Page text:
Eyes Wide Open: March of Lost Hope
Eyes Wide open installation
An Iraq war memorial at BurningMan 2006
by Sheila Morgan
Lights by Rich Howell
Soundtrack by Simran Gleason

Inspired by the American Friends Service Committee's traveling exhibit, Eyes Wide Open, which will collect a pair of combat boots for every fallen soldier until the war ends, we wish to bring an evolving Eyes Wide Open installation to the Burning Man this year, and every year, until the United States' involvement in Iraq ends.

The 21st Century has begun with a fiery explosion of terror inextinguishable because of its oily base. Although the future would be full of hope and fear regardless of this war, America's invasion of Iraq exemplifies how fear has dominated the decision making of mankind and we offer the Eyes Wide Open Memorial as a call to make hope the ruling order of the day.

Last year we brought a smaller version, a question mark-shaped labyrinth made of combat boots surrounded by a ring of civilian shoes. The labyrinth contained at its center a podium with a photo album of everyone who has died in the Iraq war and a gong that people may strike, to honor the soldiers and civilians who have lost their lives since America invaded Iraq. Each pair of boots represented about ten fallen U.S. soldiers.

Image by Kim Lane
We have designed a new and more sweeping installation to commemorate the men, women and children whose blood has been shed as a result of our nation's foreign policy -- a long pathway of marching combat boots leading to a huge pile of civilian shoes, starting the traveler off on a journey of hope that quickly deteriorates into fear. The mammoth photo album of the deceased from last year will be separated into several photo albums and placed, with gongs, around the mound of civilian shoes so carelessly discarded. Street lamps designed by Rich Howell made of aged oak wine barrels will illuminate the pathway at night with pools of LED light. A soundtrack designed by Simran Gleason will emanate eerily along the pathway.

Listen Some of the music is complete and posted here.


Artist's rendition of the walkway
The walkway's aesthetic will begin with a sense of hopefulness and idealism as the empty combat boots march off to war with the confidence of patriotic liberators. But as the traveler continues down the path, the streetlamps will turn into gnarled, irregularly shaped structures and the soundtrack will morph into a grotesque and somber dirge, representing the soldiers' disillusionment and confusion. The massive pile of civilian shoes and memorial photo albums bring the traveler to war's fearful conclusion -- death. And finally, the gongs represent the universal sound vibration sending a prayer of hope throughout the atmosphere that mankind will no longer use death and violence to resolve conflict.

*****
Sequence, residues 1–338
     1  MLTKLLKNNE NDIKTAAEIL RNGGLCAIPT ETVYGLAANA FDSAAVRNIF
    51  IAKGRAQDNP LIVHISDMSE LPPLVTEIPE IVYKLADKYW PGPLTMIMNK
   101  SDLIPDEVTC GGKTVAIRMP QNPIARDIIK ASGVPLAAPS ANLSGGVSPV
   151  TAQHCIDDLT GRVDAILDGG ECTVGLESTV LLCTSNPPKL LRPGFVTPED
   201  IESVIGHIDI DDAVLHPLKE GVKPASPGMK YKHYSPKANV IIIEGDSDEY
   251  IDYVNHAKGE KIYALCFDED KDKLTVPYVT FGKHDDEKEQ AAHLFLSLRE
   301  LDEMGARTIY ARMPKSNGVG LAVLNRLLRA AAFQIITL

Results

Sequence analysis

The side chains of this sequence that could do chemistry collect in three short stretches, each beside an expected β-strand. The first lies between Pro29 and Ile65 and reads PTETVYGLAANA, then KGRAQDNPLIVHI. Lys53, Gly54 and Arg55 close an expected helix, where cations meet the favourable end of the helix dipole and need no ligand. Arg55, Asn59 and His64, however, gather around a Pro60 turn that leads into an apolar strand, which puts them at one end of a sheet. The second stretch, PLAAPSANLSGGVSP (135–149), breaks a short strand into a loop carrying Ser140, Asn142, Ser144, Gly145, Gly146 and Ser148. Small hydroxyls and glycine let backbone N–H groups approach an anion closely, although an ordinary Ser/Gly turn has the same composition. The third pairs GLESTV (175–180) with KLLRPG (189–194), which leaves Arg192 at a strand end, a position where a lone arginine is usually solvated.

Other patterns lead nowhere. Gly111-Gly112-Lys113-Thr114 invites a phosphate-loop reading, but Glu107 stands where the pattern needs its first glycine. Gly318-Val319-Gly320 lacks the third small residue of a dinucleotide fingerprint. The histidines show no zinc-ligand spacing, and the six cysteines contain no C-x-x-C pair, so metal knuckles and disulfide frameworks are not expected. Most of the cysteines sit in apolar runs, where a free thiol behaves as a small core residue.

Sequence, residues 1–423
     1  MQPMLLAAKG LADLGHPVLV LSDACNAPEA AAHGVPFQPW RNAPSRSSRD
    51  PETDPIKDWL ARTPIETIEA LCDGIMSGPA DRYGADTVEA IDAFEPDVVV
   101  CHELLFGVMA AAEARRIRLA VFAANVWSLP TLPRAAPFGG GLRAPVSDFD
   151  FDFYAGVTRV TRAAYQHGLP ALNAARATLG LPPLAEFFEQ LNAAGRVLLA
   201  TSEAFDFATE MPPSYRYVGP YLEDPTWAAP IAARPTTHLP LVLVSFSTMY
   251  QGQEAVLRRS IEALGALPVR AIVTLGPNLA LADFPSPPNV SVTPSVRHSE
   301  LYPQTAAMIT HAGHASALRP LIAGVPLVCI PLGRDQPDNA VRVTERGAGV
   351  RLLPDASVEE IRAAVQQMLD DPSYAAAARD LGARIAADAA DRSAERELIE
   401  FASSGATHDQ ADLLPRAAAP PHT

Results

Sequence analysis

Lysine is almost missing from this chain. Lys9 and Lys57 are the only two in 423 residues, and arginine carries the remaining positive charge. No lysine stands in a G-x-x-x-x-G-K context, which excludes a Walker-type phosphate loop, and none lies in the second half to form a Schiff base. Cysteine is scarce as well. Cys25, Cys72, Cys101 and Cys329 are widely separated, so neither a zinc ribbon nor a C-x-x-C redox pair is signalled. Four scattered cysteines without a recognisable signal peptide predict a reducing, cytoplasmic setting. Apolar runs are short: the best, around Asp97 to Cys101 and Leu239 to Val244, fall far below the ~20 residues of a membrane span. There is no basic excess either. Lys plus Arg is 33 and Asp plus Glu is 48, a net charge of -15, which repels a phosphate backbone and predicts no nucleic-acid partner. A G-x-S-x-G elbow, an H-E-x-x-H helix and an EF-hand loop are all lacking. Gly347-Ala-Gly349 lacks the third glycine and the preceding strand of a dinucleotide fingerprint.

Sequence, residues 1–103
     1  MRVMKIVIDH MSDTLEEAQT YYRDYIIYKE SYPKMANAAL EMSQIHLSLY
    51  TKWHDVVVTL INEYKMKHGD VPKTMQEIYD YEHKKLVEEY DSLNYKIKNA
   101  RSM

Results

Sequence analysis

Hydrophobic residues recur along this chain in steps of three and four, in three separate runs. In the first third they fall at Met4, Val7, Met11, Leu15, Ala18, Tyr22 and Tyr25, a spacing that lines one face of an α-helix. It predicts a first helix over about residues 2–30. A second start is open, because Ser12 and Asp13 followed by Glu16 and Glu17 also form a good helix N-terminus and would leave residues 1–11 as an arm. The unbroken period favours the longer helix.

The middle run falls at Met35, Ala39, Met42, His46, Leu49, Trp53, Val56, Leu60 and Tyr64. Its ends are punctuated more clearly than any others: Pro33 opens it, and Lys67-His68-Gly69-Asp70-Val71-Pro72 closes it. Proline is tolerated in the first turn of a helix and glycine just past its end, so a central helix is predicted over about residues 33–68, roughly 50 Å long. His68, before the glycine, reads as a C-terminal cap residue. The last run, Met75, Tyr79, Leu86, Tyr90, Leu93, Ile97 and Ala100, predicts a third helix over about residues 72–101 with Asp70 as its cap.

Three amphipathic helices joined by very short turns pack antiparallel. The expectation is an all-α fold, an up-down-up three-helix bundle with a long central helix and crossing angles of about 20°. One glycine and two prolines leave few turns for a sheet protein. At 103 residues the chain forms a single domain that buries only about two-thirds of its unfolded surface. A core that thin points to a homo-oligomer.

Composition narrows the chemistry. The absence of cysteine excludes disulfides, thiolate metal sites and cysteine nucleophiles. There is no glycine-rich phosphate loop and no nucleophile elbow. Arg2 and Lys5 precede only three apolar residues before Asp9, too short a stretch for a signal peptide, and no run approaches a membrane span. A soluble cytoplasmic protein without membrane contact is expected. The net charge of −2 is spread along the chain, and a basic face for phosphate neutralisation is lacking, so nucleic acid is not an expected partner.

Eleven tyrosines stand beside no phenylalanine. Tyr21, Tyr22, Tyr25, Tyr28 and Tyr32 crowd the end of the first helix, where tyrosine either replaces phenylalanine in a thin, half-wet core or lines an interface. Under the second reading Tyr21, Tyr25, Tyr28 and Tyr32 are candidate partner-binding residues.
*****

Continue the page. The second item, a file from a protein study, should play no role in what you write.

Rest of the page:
The path will extend 100 yards and measure 10 feet wide. 500 pairs of combat boots will be required; 186 were salvaged from last year's exhibit, so 314 pairs of boots will need to be added. (Whereas in the Eyes Wide Open Labyrinth each pair of combat boots represented approximately ten fallen U.S. soldiers, in the expanded Eyes Wide Open: The March of Lost Hope each pair of boots will represent approximately five lost U.S. soldiers.) Every 10 yards there will be a streetlamp with 25 LED lights and attached to 5 of those streetlamps will be a sound system made up of a small battery and an MP3 player. We hope the large pile of civilian shoes will reach a height of 9 feet and we will collect the number of shoes required to reach half that goal. The rest we will rely on the Burning Man community for and would like to post in Jack Rabbit Speaks encouraging participants to bring a pair of used shoes for the installation.

A fishing net will be used to ensure that no shoes are blown away to create MOOP. Several photo albums, containing documented soldiers (American and non-American) and Iraqi civilians claimed by the war, will surround the pile of civilian shoes, mounted on oak stands with gongs attached to them.

photo by Heather Lynch

There will be four or five separate music stations, with soundtracks that progress in tone from Hope to Fear. From the hope of peace, through sadness to the fear arising from the situation itself.

Acting P.A.T.R.I.O.T.
The walk begins with a sense of strength. We are a free country. We defend freedom. Our intentions are noble and we have a clear sense of purpose.
The first inklings that something isn't right here. Are we really in this war for the reasons we've been told? Are we really conducting ourselves inthe way our propaganda purports? Do the "armored" vehicles we provided our troops at the outset of the invasion really constitute "Supporting our troops?"

These are mostly ambient pieces, with a bit of darkness.

slow, sad, solo piano music.
Same Ol' SOL
These are the most political of the pieces, with repetitive minimalist music, like an angry Philip Glass, overlaid by excerpts from the speeches of Bush, Cheney, Rumsfeld, edited to expose what I think of as some of their underlying emotions. These contrast with Eisenhower's speeches from after WWII in which he describes the real costs of mainting a war-based society.
Ninety-nine point something
based on a quote from a Tim Barsky story in which a dead soldier, a young Yemeni Jew from South Berkeley, is describing his death: "War is hella boring, like 99 point something percent of the time. The rest of the time you pray like hell for boring." These pieces suspend in a state of waiting, waiting with tension only occasionally broken by sudden loud bursts.